The Class B(WW1) aquatic life uses remain assessed (evaluated) as "partially supported" based on results of IDNR/sHL biological sampling in 2003 and 2012. A series of biological metrics that reflect stream water quality and habitat integrity were calculated from the biocriteria sampling data. The biological metrics are based on the numbers and types of benthic macroinvertebrate taxa and fish species collected in the stream sampling reach. The biological metrics were combined to make a fish community index of biotic integrity (FIBI) and a benthic macroinvertebrate index (BMIBI). The indexes rank the biological integrity of a stream sampling reach on a rising scale from 0 (minimum) to 100 (maximum). The 2003 FIBI score was 5 (poor) and the BMIBI score was 54 (fair). The 2012 BMIBI score was 23 (poor). The aquatic life use support was assessed (evaluated) as partially supporting (=PS), based on a comparison of the FIBI and BMIBI scores with biological impairment criteria (BIC) established from a statistical analysis of data collected at stream ecoregion reference sites from 1994-2008. The FIBI BIC for this ecoregion is 31 and the BMIBI BIC for this ecoregion is 54. This assessment is considered evaluated because the drainage areas (2,807 and 2,818 mi2) above this sampling sites were greater than the maximum limit (500 mi2) that was used to calibrate the Iowa wadeable stream impairment criteria. Even though this site failed the FIBI (0/1) and BMIBI (1/2) BICs, it is uncertain as to whether or not this segment is meeting the aquatic life criteria because it doesn’t fall in the calibrated watershed size. According to IDNR’s assessment/listing methodology, impairments based on “evaluated” assessments are of lesser confidence and are thus not appropriate for Section 303(d) listing (Category 5 of the Integrated Report). IDNR does, however, consider these impairments as appropriate for listing under either Category 2b or 3b of the Integrated Report (waters potentially impaired and in need of further investigation).
In contrast to the results of biological monitoring that suggest only “partial support” of the Class B(WW1) uses, results of water quality monitoring by the U.S. Geological Survey above Hamburg and by IDNR near Hamburg from 2010-2012 suggest “full support” of these uses. No violations of state water quality criteria occurred in the combined 56 samples analyzed for ammonia (maximum = 0.66 mg/L), pH (range = 7.3-8.7), and dissolved oxygen (minimum = 6.6 mg/L) during this period. No violations of Class B(WW1) criteria occurred in the 35 samples analyzed by USGS for the pesticides chlorpyrifos and dieldrin. These results suggest "full support" of the Class B(WW1) aquatic life uses.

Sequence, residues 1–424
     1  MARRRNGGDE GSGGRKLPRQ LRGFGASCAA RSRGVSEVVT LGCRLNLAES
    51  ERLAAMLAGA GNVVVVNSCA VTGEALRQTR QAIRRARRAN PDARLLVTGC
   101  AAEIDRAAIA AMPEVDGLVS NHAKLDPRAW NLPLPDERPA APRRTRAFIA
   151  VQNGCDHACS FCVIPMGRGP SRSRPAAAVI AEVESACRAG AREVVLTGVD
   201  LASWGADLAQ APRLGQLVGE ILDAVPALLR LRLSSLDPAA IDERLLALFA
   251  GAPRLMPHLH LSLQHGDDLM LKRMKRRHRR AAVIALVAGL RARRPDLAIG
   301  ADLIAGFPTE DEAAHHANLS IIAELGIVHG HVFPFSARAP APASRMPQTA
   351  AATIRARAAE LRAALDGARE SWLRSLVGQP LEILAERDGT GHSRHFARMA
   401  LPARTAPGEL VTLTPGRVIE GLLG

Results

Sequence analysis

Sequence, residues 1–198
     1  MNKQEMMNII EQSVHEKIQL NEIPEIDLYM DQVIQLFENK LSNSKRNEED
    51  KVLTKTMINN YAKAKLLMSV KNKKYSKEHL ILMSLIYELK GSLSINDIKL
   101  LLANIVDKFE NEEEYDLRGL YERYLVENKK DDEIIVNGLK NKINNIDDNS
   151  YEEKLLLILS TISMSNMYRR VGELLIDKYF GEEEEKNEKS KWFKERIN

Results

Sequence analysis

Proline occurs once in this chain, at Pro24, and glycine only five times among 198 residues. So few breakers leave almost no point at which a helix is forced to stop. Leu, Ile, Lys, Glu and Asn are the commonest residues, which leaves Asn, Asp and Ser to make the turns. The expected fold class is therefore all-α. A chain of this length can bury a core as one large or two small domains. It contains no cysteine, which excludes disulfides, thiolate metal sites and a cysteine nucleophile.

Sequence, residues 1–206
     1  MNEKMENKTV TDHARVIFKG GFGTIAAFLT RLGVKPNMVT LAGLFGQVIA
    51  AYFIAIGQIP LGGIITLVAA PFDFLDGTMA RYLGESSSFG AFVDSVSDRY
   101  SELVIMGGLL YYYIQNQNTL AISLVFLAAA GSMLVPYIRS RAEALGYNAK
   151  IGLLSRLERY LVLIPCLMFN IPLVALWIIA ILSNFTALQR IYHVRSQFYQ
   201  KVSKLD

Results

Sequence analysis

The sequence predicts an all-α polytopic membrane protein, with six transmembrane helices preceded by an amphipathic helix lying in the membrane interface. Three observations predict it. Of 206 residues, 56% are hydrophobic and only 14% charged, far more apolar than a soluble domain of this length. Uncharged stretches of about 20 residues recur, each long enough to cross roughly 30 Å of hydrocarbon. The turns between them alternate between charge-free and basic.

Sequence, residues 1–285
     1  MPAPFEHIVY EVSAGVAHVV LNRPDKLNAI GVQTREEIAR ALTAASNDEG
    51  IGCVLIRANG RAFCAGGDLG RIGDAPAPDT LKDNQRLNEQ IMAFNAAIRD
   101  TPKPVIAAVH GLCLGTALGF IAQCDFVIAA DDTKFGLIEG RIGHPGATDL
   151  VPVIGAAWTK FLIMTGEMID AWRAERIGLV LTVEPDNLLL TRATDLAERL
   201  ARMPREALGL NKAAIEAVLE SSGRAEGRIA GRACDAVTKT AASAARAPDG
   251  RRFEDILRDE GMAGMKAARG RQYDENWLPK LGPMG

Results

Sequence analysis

Fish consumption uses remain assessed (evaluated) as “fully supported” based on results of U.S.EPA/IDNR fish contaminant (RAFT) monitoring at Hamburg in 2011. The composite samples of fillets from common carp had low levels of contaminants. Levels of primary contaminants in the composite sample of common carp fillets were as follows: mercury: 0.06 ppm; total PCBs: <0.09 ppm; and technical chlordane: <0.03 ppm. The average level of mercury in the tissue plug samples from three black crappie was 0155 (SD=0.041). The existence of, or potential for, a fish consumption advisory is the basis for Section 305(b) assessments of the degree to which Iowa’s lakes and rivers support their fish consumption uses. The fish contaminant data generated from the 2011 RAFT sampling conducted in this assessment segment show that the levels of contaminants do not exceed any of Iowa’s advisory trigger levels, thus indicating no justification for issuance of a consumption advisory for this waterbody. In addition, none of the 35 samples analyzed by USGS for dieldrin in water exceeded the state human health/fish criterion of 0.0054 ug/l.